Dryden Ontario is currently looking at around 2,000 residents switching from door-to-door service to community mailboxes, with more planned to switch over the course of the 10 to 12 months process which is reportedly due to Canada Post wanting to make sure there is a smooth transition. Dryden is on route to be the first northern-Ontario community with shared mailboxes, expecting them to start to appearing in 2016. Craig Nuttal, the city’s mayor, is very concerned however for the shift, according to CBC.
“It’s pretty well going to be rammed down our throat that we’re going to get them whether you like it or not,” said Mr. Nuttall, with the placement of the mailboxes, maintenance, and snow-clearing being among his primary concerns. Most of all, he’s worried about how it will affect the senior citizens.
“I’m very concerned, how are they going to get their mail? It’s going to be difficult for them.”
Nuttal said he intents to keep an eye on Hamilton as well, where the city is currently locked in a dispute against Canada Post over how much input local government should have in terms of installing community mailboxes. Reportedly the Canadian Crown corporation is not respecting regulations, and the city has since taken the conflict to court.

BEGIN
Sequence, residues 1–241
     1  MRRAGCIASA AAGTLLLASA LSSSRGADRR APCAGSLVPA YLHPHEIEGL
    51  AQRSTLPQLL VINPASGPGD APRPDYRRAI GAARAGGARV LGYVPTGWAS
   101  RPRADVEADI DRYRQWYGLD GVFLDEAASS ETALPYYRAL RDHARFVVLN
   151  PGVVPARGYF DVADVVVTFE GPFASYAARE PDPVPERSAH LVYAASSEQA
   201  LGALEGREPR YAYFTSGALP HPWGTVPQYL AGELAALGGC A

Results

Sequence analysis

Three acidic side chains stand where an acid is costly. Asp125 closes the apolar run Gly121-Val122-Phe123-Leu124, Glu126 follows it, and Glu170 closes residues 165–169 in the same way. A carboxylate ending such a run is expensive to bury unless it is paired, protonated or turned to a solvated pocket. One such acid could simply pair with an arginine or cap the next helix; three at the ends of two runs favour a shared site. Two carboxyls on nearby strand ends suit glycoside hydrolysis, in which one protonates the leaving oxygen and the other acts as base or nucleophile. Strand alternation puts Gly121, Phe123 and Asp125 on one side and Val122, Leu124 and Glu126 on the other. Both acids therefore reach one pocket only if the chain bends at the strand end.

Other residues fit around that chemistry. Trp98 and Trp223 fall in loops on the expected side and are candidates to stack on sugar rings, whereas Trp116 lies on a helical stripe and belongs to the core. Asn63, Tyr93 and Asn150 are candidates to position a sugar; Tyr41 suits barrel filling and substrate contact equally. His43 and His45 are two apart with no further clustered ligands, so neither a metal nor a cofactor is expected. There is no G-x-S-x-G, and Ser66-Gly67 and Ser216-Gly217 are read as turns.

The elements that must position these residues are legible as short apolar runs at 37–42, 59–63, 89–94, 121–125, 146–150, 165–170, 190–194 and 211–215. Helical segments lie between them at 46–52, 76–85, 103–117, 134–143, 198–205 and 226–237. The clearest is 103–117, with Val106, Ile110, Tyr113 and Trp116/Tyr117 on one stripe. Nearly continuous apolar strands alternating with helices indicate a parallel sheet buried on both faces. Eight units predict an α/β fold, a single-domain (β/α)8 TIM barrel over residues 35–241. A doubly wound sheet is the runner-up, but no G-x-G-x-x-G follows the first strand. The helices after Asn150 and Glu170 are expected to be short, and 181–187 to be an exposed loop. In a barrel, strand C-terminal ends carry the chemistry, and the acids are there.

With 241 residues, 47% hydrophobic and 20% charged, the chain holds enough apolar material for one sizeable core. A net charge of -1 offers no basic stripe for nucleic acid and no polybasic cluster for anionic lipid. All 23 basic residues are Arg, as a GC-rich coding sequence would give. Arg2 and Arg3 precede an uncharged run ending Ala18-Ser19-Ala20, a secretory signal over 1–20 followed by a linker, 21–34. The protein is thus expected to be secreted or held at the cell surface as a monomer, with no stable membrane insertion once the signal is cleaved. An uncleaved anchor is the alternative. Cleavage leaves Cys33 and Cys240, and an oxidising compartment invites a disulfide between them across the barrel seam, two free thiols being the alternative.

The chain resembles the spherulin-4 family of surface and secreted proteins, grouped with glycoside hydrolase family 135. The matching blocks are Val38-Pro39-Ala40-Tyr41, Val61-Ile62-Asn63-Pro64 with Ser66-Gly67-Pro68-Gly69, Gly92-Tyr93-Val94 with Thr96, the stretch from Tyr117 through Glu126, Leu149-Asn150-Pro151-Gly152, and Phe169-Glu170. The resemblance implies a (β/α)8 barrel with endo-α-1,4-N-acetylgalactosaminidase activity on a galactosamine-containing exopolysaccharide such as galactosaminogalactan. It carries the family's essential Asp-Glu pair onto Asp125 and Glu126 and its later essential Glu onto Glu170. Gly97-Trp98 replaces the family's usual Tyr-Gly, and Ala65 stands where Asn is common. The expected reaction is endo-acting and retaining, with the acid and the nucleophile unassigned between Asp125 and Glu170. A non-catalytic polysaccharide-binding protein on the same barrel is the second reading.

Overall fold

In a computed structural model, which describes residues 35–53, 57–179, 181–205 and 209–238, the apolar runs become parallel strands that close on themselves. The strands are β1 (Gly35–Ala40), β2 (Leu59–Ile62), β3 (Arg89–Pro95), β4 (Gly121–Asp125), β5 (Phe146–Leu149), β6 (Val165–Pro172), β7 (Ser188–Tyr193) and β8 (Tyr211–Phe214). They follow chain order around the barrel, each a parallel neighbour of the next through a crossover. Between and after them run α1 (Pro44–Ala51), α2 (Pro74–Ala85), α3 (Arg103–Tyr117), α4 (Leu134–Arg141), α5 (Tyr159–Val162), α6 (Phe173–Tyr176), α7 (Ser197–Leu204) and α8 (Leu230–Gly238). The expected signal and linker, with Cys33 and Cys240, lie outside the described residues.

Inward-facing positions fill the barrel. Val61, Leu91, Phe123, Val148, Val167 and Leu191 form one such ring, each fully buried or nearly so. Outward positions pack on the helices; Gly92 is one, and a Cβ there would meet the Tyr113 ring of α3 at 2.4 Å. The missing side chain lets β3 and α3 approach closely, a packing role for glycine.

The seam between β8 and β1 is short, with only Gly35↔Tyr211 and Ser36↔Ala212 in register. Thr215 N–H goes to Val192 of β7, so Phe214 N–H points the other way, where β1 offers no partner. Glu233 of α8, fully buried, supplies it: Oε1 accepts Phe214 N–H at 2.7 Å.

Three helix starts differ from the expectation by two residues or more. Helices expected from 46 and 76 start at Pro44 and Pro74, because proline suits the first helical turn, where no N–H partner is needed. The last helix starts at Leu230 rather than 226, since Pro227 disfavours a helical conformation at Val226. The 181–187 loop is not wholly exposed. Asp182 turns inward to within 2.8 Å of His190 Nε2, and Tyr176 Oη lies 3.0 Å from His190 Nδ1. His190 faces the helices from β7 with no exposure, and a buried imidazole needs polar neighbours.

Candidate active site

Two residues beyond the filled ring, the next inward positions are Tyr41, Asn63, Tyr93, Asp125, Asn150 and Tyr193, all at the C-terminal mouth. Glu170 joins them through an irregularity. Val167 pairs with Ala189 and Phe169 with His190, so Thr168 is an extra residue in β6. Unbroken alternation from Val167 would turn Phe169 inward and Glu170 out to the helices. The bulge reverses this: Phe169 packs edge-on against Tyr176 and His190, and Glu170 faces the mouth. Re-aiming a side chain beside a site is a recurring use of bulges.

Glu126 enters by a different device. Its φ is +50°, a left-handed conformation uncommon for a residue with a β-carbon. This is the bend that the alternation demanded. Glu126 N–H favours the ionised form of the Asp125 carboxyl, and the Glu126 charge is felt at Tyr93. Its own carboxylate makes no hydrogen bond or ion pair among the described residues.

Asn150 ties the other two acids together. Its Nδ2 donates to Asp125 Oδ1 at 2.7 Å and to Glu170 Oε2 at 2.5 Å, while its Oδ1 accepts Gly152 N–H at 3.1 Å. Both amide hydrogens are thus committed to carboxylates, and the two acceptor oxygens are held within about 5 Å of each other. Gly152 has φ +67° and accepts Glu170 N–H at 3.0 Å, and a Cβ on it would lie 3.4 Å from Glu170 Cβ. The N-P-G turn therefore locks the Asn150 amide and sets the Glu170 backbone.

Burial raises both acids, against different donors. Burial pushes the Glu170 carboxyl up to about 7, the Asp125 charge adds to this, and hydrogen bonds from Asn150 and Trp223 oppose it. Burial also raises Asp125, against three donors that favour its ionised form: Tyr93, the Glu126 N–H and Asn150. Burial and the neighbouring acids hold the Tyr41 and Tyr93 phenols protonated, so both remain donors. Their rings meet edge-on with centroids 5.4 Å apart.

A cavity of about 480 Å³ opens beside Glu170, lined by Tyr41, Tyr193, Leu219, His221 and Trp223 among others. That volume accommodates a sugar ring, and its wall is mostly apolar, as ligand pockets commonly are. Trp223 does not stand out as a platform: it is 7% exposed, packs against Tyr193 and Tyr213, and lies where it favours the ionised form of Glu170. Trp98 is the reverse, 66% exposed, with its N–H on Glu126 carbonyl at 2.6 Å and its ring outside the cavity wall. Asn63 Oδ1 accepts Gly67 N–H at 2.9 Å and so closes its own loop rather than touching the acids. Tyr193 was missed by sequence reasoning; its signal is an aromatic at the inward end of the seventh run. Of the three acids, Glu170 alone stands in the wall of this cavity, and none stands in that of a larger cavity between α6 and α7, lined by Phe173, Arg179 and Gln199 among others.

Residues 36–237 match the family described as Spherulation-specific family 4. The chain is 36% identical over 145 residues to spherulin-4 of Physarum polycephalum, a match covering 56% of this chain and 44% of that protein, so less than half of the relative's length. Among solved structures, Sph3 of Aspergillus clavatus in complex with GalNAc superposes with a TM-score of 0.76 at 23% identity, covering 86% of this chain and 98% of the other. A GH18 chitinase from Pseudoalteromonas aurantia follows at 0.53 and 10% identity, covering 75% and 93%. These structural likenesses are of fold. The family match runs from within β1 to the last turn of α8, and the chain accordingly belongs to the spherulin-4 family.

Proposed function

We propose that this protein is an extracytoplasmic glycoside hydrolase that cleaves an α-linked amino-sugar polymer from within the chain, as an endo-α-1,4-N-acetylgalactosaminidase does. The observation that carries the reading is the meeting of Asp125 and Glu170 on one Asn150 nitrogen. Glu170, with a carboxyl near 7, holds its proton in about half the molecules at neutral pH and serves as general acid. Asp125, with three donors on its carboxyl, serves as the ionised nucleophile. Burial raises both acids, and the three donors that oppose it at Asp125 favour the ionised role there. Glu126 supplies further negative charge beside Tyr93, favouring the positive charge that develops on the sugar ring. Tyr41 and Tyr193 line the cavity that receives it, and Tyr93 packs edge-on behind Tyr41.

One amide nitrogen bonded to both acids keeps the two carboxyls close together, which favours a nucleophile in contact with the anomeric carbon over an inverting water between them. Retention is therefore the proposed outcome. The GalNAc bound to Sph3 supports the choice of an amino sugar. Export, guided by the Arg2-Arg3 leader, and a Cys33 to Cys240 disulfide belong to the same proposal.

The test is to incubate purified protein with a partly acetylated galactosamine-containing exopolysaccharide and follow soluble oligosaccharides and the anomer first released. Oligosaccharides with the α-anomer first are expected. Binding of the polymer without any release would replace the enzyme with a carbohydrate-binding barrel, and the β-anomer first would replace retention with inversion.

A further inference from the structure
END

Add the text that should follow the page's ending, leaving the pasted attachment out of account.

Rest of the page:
A Canada Post spokesperson says they are making sure to take every procedure necessary to hear out citizens’ concerns, with Annik Losier adding that they’re going to accommodate residents with mobility issues. “We have a team that’s dedicated to their cases so that it can work directly with each individual in finding the best possible way to get the mail to them,” she said, “We know that ultimately this is a huge change for everybody and we want to make sure that we walk them through the process.”
Some people are criticizing Canada Post for making things more difficult than they need to be, but they seem to maintain it won’t be a problem. What do you think? Are you for or against this transition? Do you think there’s more controversy than necessary?